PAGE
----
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“In the fall of the year 1776, in the month of November about the 15th the Indians made an incursion into Morrison’s Cove in Bedford County and burnt Ulrick’s Mill and Killed all Ulrick’s family but one who was absent at the time. On this occasion all the volunteers and Militia of Bedford county were called out and some from Conegocheague. We were collected at the town of Bedford and Col Davidson of the Militia took the command. I was then as a volunteer in the company commanded by Lieutenant Oserwalt.”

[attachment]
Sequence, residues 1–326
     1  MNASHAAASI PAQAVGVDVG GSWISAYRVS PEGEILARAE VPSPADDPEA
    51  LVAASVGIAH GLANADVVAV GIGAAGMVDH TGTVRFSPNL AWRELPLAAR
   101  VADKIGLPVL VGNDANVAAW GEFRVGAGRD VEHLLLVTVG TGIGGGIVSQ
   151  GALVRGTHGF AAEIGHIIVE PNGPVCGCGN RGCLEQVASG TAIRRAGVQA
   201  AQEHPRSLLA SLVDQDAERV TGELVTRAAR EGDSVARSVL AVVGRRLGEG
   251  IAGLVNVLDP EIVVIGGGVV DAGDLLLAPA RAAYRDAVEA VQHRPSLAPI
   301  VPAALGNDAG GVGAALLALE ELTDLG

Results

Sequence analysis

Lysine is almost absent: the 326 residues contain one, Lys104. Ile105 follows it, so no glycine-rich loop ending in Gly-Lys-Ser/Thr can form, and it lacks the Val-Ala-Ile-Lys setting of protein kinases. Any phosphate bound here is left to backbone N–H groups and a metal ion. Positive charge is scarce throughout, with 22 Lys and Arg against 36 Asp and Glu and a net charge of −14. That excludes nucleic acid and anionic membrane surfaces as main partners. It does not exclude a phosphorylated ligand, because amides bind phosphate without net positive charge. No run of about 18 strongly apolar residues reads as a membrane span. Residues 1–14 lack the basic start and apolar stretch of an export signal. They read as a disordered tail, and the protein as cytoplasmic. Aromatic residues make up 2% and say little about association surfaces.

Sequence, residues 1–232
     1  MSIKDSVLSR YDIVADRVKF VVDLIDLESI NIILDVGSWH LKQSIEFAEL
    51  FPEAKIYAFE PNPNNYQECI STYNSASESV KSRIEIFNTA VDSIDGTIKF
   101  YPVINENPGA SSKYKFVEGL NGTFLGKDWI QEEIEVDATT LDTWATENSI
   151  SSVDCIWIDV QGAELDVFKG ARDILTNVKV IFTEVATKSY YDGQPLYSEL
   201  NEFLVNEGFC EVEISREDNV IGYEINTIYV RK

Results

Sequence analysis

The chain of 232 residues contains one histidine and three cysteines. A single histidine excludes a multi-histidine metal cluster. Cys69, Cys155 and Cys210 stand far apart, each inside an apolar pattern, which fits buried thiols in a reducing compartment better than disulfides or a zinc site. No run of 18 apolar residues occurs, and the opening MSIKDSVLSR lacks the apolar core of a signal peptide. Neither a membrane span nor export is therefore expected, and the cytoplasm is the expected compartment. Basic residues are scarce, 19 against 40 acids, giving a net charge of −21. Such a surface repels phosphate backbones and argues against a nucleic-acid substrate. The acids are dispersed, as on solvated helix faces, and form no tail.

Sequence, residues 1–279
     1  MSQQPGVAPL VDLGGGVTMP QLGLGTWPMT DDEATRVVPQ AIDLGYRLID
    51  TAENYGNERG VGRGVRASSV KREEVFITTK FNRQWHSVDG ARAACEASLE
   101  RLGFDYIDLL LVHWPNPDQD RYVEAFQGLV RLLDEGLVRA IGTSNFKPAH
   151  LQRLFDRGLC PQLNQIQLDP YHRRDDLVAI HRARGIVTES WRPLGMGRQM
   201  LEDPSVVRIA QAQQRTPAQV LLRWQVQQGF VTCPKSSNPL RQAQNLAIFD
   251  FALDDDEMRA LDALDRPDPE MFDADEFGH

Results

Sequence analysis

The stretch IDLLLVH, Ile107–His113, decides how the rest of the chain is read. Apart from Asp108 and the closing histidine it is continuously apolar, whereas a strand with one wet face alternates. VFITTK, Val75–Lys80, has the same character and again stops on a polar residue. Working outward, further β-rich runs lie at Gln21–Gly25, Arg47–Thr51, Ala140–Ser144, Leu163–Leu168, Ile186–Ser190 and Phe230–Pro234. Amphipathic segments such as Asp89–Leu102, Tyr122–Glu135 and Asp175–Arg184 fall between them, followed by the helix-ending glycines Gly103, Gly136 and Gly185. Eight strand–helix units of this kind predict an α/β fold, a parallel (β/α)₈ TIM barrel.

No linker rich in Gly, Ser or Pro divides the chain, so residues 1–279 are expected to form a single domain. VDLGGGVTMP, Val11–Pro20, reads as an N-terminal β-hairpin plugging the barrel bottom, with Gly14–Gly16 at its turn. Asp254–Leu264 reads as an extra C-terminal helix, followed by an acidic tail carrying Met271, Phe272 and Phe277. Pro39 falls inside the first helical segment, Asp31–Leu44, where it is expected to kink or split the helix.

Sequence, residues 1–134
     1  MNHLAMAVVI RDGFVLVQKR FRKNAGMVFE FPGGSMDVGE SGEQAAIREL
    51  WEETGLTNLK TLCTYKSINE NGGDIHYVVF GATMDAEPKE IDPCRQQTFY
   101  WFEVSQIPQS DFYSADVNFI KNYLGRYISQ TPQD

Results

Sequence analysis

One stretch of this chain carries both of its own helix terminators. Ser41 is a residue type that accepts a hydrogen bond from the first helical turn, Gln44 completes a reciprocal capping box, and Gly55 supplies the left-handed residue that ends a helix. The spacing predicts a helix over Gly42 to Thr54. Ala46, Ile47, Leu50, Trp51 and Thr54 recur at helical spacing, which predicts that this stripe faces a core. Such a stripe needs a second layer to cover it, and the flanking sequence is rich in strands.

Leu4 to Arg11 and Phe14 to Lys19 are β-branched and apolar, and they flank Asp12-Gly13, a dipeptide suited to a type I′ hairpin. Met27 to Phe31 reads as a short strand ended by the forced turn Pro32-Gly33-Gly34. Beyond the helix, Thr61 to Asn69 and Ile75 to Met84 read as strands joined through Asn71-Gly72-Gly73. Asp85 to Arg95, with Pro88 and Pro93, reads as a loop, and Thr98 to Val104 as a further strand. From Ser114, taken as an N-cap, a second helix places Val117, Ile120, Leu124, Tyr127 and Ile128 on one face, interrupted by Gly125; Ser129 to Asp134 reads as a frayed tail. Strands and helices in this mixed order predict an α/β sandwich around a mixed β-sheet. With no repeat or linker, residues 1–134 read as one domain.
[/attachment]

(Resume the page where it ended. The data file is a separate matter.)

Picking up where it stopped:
The above quote provides a small taste of the extreme conditions endured by those who chose to live on the edge of the Pennsylvania frontier in the 1700’s. The hazards amplified as the Shawnee and Iroquis began escalating their attacks, stirred by British promises to ban settlements west of the Ohio River in exchange for their support. As I hinted in an earlier posting, the most vivid accountings of frontier life in the 18th century come from first person recollections. Revolutionary pensions were long offered only to those unable to make a living on their own. But an 1832 law offered pensions to all who served in the war, as well as their widows. If the veteran did not have a record of service, he would submit a petition through his state of residence and include an extensive personal narrative. These first-hand accounts are extraordinary resources. Nicolas Lybarger (Liebarger/Liberger etc.) who lived in the Will’s Creek area of then Cumberland Valley Township, Bedford County (later Londonderry Township) provided a fabulous narrative in his petition. Portions have been quoted in other historical accounts. I have transcribed the complete petition here. Petition of Nicholas Lyberger for Revolutionary War Pension The “Oserwalt” mentioned here is Michael Oswalt, son of Jacob Oswalt Sr. Hustons and Croys probably also participated in these excursions. (See Outline of inhabitants of Wills Creek from the previous post.) Later, in April of 1847, the wife of Nicholas, Christina Lyberger, petitioned for widow’s benefits. Her daughter Elizabeth Devore placed her mark by her name proving the veracity of the claim. Included was a page copied from a family bible by Nicholas Lyberger, a “Dutch” bible as the record states.  While mostly illegible (He copied it but made a mark when he signed his name so likely didn’t understand what he copied.) the name Croy appears at the bottom of the page, just another testament to the closely connected families of the Will’s Creek settlement.